Common Diagnoses:
Sinus Tarsi Syndrome

Overview

Sinus tarsi syndrome (STS) is a clinical condition characterized by ongoing pain in the anterior (front) lateral (side aspect) of the ankle—between the ankle and the heel—which is usually a result of traumatic injuries. The most common cause of sinus tarsi syndrome is thought to be a result of chronic or long-term ankle sprains. The condition itself is considered a syndrome; a syndrome is defined as a group of symptoms which occur together, or a condition that is characterized by a group of associated symptoms.

Symptoms

Symptoms of sinus tarsi syndrome include:

  • Chronic (long-term) pain along the front and side aspect (also called anterolateral) of the ankle
  • Pain when the foot is turned in (inversion) or turned out (eversion)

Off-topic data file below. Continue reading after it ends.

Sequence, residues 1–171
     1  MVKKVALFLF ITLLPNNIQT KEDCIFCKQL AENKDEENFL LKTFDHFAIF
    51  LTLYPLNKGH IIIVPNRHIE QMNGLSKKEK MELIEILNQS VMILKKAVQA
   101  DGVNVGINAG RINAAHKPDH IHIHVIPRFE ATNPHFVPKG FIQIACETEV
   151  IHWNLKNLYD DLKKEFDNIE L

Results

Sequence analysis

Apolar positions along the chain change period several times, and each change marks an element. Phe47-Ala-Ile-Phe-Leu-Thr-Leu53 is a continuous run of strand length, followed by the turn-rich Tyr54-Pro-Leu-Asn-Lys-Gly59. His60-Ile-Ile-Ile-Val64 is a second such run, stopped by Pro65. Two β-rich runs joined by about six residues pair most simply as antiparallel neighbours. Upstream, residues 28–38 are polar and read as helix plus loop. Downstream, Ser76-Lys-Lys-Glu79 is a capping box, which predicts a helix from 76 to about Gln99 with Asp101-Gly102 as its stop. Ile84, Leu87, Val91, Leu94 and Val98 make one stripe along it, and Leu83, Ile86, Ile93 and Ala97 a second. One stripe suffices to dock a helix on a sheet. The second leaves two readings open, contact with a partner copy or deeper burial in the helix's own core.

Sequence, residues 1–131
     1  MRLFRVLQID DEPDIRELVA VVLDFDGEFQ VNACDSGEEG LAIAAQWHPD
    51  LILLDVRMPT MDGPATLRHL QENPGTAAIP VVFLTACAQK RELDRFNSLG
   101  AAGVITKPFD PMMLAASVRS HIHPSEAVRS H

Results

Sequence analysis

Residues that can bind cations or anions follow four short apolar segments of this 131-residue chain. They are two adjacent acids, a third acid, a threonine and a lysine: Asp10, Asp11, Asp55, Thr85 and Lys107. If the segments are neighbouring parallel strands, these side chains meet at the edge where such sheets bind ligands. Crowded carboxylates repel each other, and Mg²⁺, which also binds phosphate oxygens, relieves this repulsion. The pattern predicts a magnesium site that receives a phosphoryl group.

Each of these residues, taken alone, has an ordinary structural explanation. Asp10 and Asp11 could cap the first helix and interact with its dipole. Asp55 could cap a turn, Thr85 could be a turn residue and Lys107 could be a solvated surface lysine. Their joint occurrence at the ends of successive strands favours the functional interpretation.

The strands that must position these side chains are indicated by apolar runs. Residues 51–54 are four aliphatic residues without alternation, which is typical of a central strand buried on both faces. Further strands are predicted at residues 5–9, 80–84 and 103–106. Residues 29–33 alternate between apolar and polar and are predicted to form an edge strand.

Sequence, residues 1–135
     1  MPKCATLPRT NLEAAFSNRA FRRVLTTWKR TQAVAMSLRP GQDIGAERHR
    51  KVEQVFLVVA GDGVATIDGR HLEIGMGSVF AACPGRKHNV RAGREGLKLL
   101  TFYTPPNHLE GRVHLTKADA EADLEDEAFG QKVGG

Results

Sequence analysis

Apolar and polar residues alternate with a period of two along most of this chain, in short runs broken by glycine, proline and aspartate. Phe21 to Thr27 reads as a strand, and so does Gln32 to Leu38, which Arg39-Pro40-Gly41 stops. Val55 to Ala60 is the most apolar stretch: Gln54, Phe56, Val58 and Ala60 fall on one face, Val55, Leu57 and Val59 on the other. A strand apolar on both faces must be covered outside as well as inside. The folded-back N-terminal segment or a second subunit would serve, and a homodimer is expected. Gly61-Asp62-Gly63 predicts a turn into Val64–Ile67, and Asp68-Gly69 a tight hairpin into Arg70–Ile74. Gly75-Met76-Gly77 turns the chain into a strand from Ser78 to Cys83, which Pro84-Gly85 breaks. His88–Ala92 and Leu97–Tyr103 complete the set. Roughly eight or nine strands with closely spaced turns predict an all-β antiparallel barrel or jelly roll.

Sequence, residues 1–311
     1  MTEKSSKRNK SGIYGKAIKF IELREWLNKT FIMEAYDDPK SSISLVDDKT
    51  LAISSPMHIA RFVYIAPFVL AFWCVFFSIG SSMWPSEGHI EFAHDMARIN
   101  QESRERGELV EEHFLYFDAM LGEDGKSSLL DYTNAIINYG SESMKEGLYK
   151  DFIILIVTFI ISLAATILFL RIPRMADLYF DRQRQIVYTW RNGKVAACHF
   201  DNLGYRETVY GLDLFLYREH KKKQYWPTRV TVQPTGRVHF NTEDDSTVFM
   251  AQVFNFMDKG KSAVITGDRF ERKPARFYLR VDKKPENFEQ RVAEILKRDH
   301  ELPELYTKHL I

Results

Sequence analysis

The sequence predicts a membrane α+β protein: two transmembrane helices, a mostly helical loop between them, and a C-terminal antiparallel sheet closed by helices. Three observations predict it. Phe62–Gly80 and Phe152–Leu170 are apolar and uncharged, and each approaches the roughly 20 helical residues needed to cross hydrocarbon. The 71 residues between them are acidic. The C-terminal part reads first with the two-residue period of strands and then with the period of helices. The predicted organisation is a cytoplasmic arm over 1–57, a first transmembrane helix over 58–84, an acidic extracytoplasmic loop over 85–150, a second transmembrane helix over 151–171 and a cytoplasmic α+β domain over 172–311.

• A feeling of instability of the foot or ankle (when bearing weight)
  • Difficulty walking on uneven surfaces (such as grass or gravel)
  • Swelling
  • Tenderness of the sinus tarsi area of the foot
  • Ecchymosis (bruising)

Diagnosis

Diagnosis of Sinus Tarsi Syndrome may involve:

  • X-rays
  • A CT Scan
  • An MRI (reveals changes in the soft tissue of the sinus tarsi such as scar tissue from previous injuries)
  • An ankle arthroscopy (a narrow tube attached to a fiber-optic video camera, inserted through a very small incision [the size of a buttonhole], to view and diagnose joint problems)
    Ruling out other problems of the foot

Treatment

Conservative (non-invasive) treatment of sinus tarsi syndrome is considered “generally very effective,” according to the American Academy of Podiatric Sports Medicine (AAPSM). Conservative treatment modalities may include:

  • Anti-inflammatory medications
  • Steroid injections
  • Physical therapy
  • Orthopedic shoes to stabilize the area
  • Immobilization of the foot
  • Bracing or taping (to stabilize the area)
  • Over the counter or custom orthoses (the correction of disorders of the limbs by the use of braces and other devices to provide support)